A couple of us will be meeting Denis at Lac Abenakis, Ste. Aurelie, Quebec tomorrow for a bit of scouting and what looks like a bunch of sailing. Five inches reported there this morning, with more cold tonight, and a surface much like the photo of Lac Joli in the previous post. Some flurries in the forecast, but a good SW breeze to keep the ice clear.
Come on in, the water’s hard!
Denis sends yet more mouth-watering photos while we wait. Note the skid marks!
Here’s his report:
“I found 2 lakes with just amazing ice !! And the wind was blowing at about 15 mph. As I haven’t sailed Lac Abenakis this year, and therefore not scouted it yet, I decided to sail on Lac Joli.
I sailed from 12:00 to 15:15 with just 2 stops out of the boat. I’m training for the 100 miles race !! Again on this small lake, the challenge was to turn at the end of the downwind part. See picture!!
So, the ice is an easy 9/10 on both lakes… Lac Abenakis would have to be scouted, but I’m very confident that it is safe. But I promess that I won’t sail it alone.
40% chance of about 1″ of snow tonight in Ste-Aurelie, but that mean 60% of no snow !! Let’s stay positive.”
This was taken yesterday by Doug Raymond’s daughter Brianna. Snow forecast there starting tomorrow and well into the future. Could we have sailed there today?
Forgive me if this hurts a bit, but believe me, I share your pain!
Dear old Plymouth continues to work hard for us: freezing, melting, freezing and getting blown out. Now she’s back again, all locked in.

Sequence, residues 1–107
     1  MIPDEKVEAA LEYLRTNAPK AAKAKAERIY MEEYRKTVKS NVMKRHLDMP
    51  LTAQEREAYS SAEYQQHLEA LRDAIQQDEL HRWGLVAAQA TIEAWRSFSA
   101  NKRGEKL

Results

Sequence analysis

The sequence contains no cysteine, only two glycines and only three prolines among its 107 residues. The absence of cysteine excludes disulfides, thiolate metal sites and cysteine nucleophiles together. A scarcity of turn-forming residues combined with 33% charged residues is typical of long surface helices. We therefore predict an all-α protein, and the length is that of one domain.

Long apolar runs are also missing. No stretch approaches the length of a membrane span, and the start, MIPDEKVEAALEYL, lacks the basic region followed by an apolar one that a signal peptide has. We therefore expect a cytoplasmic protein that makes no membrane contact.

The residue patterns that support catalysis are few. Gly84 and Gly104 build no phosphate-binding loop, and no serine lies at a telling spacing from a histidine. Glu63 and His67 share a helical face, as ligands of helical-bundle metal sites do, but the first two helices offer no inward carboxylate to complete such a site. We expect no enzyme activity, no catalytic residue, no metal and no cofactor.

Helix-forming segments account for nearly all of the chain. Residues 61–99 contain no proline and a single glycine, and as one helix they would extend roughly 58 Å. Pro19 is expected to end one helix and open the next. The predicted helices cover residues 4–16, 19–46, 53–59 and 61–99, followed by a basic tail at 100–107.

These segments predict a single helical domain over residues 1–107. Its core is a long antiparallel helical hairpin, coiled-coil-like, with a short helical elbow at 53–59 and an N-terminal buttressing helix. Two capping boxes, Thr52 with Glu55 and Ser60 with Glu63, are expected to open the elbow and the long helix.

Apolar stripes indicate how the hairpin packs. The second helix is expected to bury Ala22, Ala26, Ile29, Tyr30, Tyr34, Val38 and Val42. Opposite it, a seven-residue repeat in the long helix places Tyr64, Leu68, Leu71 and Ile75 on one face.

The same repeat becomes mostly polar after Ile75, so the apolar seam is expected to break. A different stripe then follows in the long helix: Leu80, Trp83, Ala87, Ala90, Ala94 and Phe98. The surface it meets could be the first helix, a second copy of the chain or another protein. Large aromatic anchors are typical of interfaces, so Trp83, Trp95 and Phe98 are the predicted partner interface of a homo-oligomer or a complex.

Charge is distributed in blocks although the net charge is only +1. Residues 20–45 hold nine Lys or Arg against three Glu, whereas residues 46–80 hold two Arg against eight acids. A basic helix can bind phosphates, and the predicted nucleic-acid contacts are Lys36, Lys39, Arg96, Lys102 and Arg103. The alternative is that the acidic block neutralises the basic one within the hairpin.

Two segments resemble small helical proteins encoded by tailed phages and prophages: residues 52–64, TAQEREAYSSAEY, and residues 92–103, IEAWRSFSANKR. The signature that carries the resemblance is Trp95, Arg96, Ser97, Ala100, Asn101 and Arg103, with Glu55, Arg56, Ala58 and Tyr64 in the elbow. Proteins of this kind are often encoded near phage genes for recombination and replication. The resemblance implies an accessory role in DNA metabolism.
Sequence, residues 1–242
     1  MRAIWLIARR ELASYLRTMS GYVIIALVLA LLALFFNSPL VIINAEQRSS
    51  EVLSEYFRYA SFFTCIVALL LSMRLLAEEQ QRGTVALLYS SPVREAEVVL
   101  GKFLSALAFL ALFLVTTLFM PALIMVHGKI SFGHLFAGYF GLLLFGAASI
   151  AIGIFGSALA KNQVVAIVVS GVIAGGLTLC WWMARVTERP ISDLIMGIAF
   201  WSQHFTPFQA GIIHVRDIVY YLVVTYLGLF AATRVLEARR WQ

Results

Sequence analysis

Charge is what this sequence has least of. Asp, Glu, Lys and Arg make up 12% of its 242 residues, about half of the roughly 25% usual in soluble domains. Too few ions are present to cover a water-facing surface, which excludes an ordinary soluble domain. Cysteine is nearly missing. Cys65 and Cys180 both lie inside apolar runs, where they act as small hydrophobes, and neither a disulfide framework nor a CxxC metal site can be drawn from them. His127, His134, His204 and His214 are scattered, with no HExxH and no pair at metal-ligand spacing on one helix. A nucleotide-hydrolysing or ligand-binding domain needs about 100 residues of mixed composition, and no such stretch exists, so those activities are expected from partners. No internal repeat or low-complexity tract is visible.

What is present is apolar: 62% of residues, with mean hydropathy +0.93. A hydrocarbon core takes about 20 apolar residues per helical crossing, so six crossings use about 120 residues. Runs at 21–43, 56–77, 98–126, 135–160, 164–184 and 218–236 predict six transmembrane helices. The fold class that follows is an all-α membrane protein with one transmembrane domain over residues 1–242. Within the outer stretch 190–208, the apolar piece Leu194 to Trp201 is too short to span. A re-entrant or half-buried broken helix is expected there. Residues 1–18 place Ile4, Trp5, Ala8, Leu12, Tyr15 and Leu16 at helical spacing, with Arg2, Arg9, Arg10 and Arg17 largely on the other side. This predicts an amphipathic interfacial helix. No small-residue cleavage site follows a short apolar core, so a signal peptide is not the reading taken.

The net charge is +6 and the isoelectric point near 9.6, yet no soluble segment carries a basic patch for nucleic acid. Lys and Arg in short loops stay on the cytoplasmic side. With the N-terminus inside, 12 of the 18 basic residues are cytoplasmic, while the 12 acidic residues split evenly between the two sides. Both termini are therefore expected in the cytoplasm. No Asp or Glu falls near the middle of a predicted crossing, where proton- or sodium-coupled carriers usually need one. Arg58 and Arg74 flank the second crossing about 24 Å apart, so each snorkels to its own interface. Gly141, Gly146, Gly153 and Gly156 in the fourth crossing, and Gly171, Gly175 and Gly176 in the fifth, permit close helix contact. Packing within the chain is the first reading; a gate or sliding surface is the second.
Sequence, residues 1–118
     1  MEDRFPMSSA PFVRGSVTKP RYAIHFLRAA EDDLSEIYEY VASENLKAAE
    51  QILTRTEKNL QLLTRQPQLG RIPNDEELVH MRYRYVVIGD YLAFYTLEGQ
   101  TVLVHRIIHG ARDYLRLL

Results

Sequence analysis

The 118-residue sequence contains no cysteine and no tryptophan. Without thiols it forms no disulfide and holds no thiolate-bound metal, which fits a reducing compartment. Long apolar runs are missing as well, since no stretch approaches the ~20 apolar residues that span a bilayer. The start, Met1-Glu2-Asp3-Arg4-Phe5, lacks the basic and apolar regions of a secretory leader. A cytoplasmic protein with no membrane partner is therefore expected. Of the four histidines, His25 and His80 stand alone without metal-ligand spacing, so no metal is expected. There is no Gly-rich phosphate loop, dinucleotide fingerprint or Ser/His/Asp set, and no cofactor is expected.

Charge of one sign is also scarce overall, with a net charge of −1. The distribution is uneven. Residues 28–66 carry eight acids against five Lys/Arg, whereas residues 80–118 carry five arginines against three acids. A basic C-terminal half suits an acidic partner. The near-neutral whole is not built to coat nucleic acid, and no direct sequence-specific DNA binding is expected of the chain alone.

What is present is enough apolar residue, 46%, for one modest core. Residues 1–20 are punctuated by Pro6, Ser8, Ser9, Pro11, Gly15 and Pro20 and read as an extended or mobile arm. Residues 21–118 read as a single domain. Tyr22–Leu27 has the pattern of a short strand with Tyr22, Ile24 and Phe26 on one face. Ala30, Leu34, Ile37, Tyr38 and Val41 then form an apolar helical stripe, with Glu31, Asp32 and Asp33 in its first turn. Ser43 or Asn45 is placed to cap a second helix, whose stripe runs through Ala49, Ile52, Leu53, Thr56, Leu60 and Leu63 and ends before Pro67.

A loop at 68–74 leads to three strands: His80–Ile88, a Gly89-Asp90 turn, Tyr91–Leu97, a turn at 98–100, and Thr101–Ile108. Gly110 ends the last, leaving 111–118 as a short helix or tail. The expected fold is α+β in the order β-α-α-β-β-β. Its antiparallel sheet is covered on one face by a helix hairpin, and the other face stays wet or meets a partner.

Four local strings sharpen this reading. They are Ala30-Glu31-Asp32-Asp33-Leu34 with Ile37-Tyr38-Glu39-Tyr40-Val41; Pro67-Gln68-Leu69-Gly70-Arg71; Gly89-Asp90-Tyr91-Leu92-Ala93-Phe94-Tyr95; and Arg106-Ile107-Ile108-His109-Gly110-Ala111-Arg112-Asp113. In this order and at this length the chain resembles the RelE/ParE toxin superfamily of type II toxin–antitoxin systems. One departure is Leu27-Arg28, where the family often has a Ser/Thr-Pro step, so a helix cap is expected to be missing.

The bit by the bridge is open as usual. The forecast for this coming week predicts a battle of the elements, ice against fire and falling frozen water. Bryan, if you’d like to go have a look it would be nice to know how thick it is. Dave Godin didn’t dare to land the plane to get a closer look! Thanks for the pix Dave.
Tuesday evening report from Denis in Quebec:
I sailed Lac Joli again today… Lac Abenakis is not good, too much snow, and signs of water and slush on the ice.
Lac Joli is 50% ice and 50% packed snow. In light air today, it was difficult to get going and keep our speed.
I sailed with 2 DN iceboaters who came from Montreal, and who did very well under those difficult conditions.
Some rain is expected late tonight, and strong winds tomorrow. It may become slush, or wet snow for tomorrow.
I’m really not sure about tomorrow’s conditions. The guys from Montreal decided to head back home tonight.